One of my last memorable calls as a fire captain and paramedic occurred last spring, and it turned out to be a career highlight! Our company was dispatched to a home a few miles away for an “impending birth.” As we approached the scene I was reviewing in my mind some of my training on […]
One of my last memorable calls as a fire captain and paramedic occurred last spring, and it turned out to be a career highlight! Our company was dispatched to a home a few miles away for an “impending birth.” As we approached the scene I was reviewing in my mind some of my training on labor and delivery. After all, this would be a first for me in my 32 years on the job.
The young mother was close to delivering her second child, she had no prenatal care, and when asked which hospital she wanted to be transported to, she picked the one furthest away. I asked if the closest hospital would be okay, and she insisted on her first choice, which was a good twenty-minute transport.
As the firefighter crew loaded her onto the stretcher, I approached her husband and laid it on the line. I said, “Look, you have two choices. I can transport her to the hospital of her choice, and your baby will be delivered by an EMT and a paramedic, or you can convince her to go to the closest hospital and your baby can be delivered by a doctor. It’s your choice, which would you like?” He replied, “A doctor of course!” I then asked him to talk some sense into his wife, and after a short discussion he turned to me and said “the closest hospital.”
We carried her out of the house to the ambulance and headed to the hospital five minutes away, while getting our equipment open and in place, should the baby deliver. I glanced out of the ambulance window and could see the hospital in sight, but we just didn’t have enough time. The baby had decided to come into the world as we turned onto the ramp leading off the highway, just a quarter mile from the emergency room entrance!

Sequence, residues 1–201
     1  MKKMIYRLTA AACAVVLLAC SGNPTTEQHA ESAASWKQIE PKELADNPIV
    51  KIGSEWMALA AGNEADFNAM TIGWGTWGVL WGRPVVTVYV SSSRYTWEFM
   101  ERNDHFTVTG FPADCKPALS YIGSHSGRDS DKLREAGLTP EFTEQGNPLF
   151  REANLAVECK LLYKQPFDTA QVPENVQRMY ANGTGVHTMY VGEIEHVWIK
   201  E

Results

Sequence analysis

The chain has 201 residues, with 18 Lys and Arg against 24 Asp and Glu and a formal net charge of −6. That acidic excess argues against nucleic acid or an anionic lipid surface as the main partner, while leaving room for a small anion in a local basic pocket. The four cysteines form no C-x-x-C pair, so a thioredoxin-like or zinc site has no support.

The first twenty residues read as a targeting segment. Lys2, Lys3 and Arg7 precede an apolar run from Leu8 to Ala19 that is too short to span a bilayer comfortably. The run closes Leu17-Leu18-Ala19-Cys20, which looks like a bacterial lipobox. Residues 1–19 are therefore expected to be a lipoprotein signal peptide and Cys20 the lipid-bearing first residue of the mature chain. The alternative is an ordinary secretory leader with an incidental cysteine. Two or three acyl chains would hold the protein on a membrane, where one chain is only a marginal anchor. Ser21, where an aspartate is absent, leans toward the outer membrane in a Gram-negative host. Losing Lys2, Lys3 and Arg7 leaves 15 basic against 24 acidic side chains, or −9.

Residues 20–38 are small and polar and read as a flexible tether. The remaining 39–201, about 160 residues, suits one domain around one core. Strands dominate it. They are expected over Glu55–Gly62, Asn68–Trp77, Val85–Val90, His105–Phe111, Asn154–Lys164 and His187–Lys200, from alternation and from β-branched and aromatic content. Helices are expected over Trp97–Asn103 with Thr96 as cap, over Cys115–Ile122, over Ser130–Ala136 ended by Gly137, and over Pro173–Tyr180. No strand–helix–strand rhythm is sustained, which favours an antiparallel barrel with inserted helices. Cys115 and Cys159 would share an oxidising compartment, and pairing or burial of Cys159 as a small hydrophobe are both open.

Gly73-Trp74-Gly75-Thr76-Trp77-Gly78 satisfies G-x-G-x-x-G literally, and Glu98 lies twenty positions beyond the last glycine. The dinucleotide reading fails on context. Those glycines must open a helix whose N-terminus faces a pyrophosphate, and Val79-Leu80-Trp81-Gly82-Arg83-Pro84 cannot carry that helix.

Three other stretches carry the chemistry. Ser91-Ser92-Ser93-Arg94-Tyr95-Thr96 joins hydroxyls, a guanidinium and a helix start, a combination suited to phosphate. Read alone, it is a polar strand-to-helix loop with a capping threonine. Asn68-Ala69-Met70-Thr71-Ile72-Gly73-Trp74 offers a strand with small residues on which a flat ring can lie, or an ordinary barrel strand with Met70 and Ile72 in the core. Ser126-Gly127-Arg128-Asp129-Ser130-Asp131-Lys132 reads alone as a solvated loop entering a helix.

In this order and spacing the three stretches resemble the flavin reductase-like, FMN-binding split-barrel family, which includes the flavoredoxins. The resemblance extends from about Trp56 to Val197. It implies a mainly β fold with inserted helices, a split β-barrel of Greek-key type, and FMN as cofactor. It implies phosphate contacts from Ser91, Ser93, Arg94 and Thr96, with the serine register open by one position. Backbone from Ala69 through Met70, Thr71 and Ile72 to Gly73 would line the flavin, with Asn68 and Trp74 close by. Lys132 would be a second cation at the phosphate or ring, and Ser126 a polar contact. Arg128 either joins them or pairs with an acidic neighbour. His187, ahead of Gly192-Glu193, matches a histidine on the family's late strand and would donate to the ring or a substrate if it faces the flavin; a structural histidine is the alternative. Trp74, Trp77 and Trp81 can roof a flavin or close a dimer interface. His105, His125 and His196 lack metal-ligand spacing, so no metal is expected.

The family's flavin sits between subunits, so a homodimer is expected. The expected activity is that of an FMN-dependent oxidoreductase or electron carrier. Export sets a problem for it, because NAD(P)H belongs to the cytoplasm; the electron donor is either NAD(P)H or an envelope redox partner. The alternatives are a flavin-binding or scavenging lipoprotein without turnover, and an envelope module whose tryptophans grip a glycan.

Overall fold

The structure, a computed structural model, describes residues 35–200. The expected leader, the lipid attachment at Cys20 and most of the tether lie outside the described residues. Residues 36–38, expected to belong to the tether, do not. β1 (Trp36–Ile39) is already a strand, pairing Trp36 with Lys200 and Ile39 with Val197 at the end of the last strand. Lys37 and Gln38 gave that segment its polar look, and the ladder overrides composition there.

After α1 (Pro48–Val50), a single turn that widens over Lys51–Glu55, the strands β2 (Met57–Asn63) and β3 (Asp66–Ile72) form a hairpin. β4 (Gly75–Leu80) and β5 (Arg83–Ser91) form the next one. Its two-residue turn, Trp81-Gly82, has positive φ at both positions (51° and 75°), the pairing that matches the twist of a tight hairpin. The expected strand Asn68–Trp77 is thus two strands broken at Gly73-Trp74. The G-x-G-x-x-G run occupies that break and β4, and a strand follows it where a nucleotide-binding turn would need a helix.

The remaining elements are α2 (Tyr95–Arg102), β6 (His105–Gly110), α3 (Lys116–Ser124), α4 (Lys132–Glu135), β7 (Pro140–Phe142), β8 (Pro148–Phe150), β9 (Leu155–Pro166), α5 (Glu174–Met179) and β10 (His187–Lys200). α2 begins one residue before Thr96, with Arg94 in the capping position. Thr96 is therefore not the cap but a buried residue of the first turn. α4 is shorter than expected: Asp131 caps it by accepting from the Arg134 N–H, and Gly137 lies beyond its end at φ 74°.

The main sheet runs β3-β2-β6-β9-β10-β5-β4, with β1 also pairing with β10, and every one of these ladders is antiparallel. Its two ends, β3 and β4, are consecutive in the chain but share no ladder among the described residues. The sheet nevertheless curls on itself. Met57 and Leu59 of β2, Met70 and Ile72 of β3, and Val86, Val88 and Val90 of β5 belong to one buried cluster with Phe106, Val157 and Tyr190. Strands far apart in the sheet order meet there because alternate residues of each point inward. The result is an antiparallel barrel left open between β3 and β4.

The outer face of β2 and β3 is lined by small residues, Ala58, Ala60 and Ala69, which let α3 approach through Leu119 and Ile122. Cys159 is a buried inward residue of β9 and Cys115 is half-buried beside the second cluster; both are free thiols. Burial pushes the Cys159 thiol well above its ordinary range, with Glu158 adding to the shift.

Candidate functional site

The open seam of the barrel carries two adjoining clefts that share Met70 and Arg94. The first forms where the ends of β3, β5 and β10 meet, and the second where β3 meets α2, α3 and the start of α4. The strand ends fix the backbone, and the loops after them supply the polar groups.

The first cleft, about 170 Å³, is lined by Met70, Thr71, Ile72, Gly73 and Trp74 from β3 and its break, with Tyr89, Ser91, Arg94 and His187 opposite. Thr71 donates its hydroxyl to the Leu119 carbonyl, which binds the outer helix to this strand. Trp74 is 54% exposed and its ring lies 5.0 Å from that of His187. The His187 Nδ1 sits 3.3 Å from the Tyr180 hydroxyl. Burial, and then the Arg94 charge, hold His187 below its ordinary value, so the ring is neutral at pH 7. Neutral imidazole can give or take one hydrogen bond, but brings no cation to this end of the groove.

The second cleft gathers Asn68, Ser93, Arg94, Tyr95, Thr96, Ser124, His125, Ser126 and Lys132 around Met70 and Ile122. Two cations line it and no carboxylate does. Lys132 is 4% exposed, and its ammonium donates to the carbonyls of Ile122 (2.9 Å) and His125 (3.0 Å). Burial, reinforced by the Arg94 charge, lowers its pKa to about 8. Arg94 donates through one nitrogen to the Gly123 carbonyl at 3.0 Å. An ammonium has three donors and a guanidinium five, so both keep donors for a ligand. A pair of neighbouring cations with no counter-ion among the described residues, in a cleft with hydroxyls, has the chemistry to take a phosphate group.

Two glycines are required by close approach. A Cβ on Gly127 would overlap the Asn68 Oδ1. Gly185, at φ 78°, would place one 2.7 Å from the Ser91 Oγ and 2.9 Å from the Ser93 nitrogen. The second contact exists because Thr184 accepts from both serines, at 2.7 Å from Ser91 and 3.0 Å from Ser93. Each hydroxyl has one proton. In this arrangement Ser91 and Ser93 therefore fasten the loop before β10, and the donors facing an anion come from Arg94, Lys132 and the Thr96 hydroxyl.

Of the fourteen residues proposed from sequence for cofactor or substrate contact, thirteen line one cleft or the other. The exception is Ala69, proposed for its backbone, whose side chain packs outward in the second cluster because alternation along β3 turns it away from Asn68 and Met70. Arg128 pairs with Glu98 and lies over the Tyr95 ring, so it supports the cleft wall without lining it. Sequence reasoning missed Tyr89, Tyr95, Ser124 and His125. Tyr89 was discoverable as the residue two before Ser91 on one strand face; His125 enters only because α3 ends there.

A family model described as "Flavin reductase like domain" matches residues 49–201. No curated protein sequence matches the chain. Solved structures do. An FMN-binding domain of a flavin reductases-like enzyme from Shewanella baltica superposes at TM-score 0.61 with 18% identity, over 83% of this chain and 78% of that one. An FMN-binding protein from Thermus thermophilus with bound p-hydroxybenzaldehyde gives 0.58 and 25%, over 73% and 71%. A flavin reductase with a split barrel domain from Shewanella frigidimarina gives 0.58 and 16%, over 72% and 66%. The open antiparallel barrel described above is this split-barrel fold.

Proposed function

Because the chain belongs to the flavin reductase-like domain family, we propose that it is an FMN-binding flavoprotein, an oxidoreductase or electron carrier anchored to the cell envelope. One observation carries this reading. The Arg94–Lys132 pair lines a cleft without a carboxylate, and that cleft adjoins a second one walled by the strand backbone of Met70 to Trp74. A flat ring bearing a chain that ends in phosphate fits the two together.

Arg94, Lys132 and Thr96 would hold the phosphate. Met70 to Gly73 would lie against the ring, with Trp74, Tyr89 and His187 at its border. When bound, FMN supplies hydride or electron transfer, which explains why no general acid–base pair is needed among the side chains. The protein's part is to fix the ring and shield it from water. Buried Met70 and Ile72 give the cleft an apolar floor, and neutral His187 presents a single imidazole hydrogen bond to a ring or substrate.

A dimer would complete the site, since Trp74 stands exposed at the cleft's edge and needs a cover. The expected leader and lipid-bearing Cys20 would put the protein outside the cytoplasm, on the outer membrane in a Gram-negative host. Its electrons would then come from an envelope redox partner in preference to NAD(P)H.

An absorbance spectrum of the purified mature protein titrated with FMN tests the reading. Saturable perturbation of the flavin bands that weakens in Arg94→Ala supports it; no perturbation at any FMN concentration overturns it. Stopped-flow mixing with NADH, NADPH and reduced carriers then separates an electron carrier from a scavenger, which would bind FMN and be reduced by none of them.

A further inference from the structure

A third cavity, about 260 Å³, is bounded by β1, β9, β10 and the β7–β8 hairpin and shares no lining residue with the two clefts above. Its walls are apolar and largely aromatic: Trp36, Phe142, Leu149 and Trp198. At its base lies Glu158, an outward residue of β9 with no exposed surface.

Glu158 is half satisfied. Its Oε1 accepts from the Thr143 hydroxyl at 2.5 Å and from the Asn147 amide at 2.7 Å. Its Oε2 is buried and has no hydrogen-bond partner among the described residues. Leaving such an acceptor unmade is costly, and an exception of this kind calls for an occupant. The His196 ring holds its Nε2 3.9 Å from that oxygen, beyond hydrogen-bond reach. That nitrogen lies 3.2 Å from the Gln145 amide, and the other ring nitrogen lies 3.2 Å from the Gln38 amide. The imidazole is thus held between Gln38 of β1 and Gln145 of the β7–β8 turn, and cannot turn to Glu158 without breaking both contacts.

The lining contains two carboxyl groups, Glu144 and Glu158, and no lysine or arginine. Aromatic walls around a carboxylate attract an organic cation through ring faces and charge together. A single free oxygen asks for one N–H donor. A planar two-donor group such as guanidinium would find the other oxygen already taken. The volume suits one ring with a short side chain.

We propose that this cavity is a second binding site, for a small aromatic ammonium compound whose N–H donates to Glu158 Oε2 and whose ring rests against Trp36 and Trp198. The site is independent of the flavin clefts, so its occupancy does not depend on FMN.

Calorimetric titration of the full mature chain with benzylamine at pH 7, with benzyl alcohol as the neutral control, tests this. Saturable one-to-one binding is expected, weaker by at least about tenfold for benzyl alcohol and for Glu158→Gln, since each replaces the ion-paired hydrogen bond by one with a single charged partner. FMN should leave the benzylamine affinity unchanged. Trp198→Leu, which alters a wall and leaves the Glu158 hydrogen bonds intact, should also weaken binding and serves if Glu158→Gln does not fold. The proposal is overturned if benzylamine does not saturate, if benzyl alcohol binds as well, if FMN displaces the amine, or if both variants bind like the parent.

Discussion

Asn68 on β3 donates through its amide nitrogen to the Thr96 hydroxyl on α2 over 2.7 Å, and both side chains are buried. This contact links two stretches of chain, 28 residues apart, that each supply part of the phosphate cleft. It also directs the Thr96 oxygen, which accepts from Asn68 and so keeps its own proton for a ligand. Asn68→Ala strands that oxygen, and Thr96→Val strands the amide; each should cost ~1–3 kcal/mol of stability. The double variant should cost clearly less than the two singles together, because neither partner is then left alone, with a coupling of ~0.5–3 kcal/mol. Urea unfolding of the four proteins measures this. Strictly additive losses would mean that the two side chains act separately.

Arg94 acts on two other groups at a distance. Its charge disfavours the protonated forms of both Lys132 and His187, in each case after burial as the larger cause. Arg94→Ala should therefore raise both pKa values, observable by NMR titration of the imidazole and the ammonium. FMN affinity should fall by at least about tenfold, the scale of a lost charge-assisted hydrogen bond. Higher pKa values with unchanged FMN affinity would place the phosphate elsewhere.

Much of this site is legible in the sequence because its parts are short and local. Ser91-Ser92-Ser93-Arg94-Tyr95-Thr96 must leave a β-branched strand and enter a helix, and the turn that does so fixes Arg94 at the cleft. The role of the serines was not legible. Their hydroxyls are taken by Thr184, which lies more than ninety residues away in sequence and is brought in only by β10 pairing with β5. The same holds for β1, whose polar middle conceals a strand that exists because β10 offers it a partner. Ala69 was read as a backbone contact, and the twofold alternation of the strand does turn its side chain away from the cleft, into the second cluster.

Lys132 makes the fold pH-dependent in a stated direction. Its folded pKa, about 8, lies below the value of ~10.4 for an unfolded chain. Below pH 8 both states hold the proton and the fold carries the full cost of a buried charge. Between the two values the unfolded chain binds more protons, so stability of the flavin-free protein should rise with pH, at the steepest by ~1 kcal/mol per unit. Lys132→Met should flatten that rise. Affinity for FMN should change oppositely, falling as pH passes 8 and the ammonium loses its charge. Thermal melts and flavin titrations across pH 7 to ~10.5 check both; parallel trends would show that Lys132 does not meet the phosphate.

Thankfully, it was an uncomplicated birth, and we cleared the airway, clamped and cut the cord, wiped him down with towels, bundled him up and placed him in mom’s arms. A nurse opened the rear door of the ambulance to see what was taking so long, and saw three happy faces and one crying newborn.
Here are some things you can do ahead of time to save those precious minutes in getting to the hospital when you call for an ambulance:
- Make sure your address is visible to the road from both directions. Reflective numbers are really important when trying to find an address at night.
- Have someone out by the road or flicking the porch light on & off to help the crew find your house.
- If you have a family member needing frequent transports to the hospital, see if you could re-arrange the bed situation from the second floor to the first floor of the house. Some people end up using the dining or living room for this. Carrying a patient down a set of stairs is time consuming, involves calling for a fire engine for more help, and is simply dangerous for the emergency personnel and the patient.
- Have a list of medical history, medications, allergies, etc to give to the ambulance crew. Posting a copy of this on the refrigerator is a good idea.
- The human body is an amazing thing. Listen to it and it will let you know when it’s in trouble. Don’t delay calling for help if you have chest pain, shortness of breath or an altered mental state. Giving it time and hoping it will go away only delays access to our medical system designed to save your life!